We have to live in a society. Peer pressure can help us understand what the view of our immediate environment is whether it is of our classmates or friends or cousins or others and also get a sense of where we are. We get to see what the current norms of the society are- what is acceptable, what is not, where we need to step up, and where we need to assert ourselves. When we face peer pressure we mature in our judgement about what to do and what no to do. A healthy competition is an example of healthy peer pressure. Sometimes, peer pressure can inhibit and suppress us too much - when we are in that space we can get help and learn how to assert ourselves if needed while exploring our capabilities, strengths, weaknesses and boundaries.
What separates us from others? Are you a "We" person or an "I" person? My friend was saying the other day she feels it is selfish to focus on "I"- "others" are as important as "ourselves". I don't want to have an ego but I don't want others to tell me what to do. Should I be selfless even if I don't want to? What is ego? What should I do if someone invades my privacy? I feel vulnerable and unable to protect myself. Someone is taking advantage of me and I cannot do anything about it.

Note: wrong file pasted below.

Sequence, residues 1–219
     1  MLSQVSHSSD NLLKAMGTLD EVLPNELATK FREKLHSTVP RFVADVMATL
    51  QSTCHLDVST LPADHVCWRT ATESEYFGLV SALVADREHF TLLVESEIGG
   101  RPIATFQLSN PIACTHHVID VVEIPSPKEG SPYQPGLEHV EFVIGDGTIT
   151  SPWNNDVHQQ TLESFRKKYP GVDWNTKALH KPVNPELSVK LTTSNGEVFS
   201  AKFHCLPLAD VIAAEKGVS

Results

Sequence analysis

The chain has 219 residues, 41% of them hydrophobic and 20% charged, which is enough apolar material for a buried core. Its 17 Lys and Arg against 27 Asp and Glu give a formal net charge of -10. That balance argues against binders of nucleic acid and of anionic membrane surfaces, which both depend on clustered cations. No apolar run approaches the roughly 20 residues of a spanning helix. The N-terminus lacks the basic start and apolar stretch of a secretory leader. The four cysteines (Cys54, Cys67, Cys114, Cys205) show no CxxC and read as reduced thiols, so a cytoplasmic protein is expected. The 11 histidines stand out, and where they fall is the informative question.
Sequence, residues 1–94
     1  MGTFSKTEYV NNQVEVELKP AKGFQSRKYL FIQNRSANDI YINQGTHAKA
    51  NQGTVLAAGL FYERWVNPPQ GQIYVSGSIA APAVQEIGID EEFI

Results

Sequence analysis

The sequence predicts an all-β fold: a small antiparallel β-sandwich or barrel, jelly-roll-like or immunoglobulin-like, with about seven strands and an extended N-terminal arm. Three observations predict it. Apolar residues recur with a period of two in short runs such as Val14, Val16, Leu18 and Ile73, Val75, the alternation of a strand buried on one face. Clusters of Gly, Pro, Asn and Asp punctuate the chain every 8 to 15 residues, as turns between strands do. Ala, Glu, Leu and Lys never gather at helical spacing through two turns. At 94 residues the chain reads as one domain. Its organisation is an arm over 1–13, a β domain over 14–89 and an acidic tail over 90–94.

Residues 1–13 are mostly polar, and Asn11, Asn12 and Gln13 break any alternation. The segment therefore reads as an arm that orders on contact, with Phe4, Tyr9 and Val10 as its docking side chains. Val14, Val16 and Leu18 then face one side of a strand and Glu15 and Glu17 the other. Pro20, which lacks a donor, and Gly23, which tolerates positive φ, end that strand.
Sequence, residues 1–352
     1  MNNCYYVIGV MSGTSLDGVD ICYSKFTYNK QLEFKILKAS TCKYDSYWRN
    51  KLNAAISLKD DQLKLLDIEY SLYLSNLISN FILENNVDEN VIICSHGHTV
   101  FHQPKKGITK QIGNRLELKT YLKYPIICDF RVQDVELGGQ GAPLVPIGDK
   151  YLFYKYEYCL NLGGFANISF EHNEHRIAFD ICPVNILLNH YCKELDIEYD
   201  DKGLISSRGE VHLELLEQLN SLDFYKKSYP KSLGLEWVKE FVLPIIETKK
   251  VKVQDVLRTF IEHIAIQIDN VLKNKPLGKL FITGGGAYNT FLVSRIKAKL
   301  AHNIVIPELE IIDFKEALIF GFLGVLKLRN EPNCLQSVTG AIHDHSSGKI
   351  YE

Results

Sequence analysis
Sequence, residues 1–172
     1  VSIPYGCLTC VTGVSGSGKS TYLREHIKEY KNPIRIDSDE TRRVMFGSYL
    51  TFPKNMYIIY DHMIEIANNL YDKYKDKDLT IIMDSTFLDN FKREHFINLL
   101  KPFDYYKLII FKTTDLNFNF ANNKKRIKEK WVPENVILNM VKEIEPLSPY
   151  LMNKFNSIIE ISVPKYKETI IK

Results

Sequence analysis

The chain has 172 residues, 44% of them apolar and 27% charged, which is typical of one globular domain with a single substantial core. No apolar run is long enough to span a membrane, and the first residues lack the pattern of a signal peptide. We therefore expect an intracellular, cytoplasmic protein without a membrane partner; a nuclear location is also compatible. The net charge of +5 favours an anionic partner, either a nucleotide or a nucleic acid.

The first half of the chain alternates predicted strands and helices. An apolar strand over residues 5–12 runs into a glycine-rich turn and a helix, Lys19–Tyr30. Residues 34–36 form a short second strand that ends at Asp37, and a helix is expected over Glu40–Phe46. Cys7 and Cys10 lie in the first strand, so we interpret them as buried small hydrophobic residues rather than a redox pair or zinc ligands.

These questions or thoughts fall into the realm of "ego" and "boundaries"- what it means to be "I" and what separates me from others and knowing when it is important to draw clear boundaries, how it protects ourselves and helps others is an important part of being a strong, successful person.
Shame is understood to be an “intensely painful feeling or experience of believing that we are flawed and therefore unworthy of love and belonging.” It's an emotion that affects all of us and profoundly shapes the way we interact in the world. Developing resilience to shame is key to emotional health and wellbeing. Here are four steps recommended by a researcher Brene Brown-
1. Being able to recognize, name and understand our shame triggers.
2. Developing critical awareness about our own shame webs and triggers.
3. Being willing to reach out to others (rather than hide and isolate ourselves).
4. Having the ability to speak about our experiences of shame with those who have earned the right to hear them.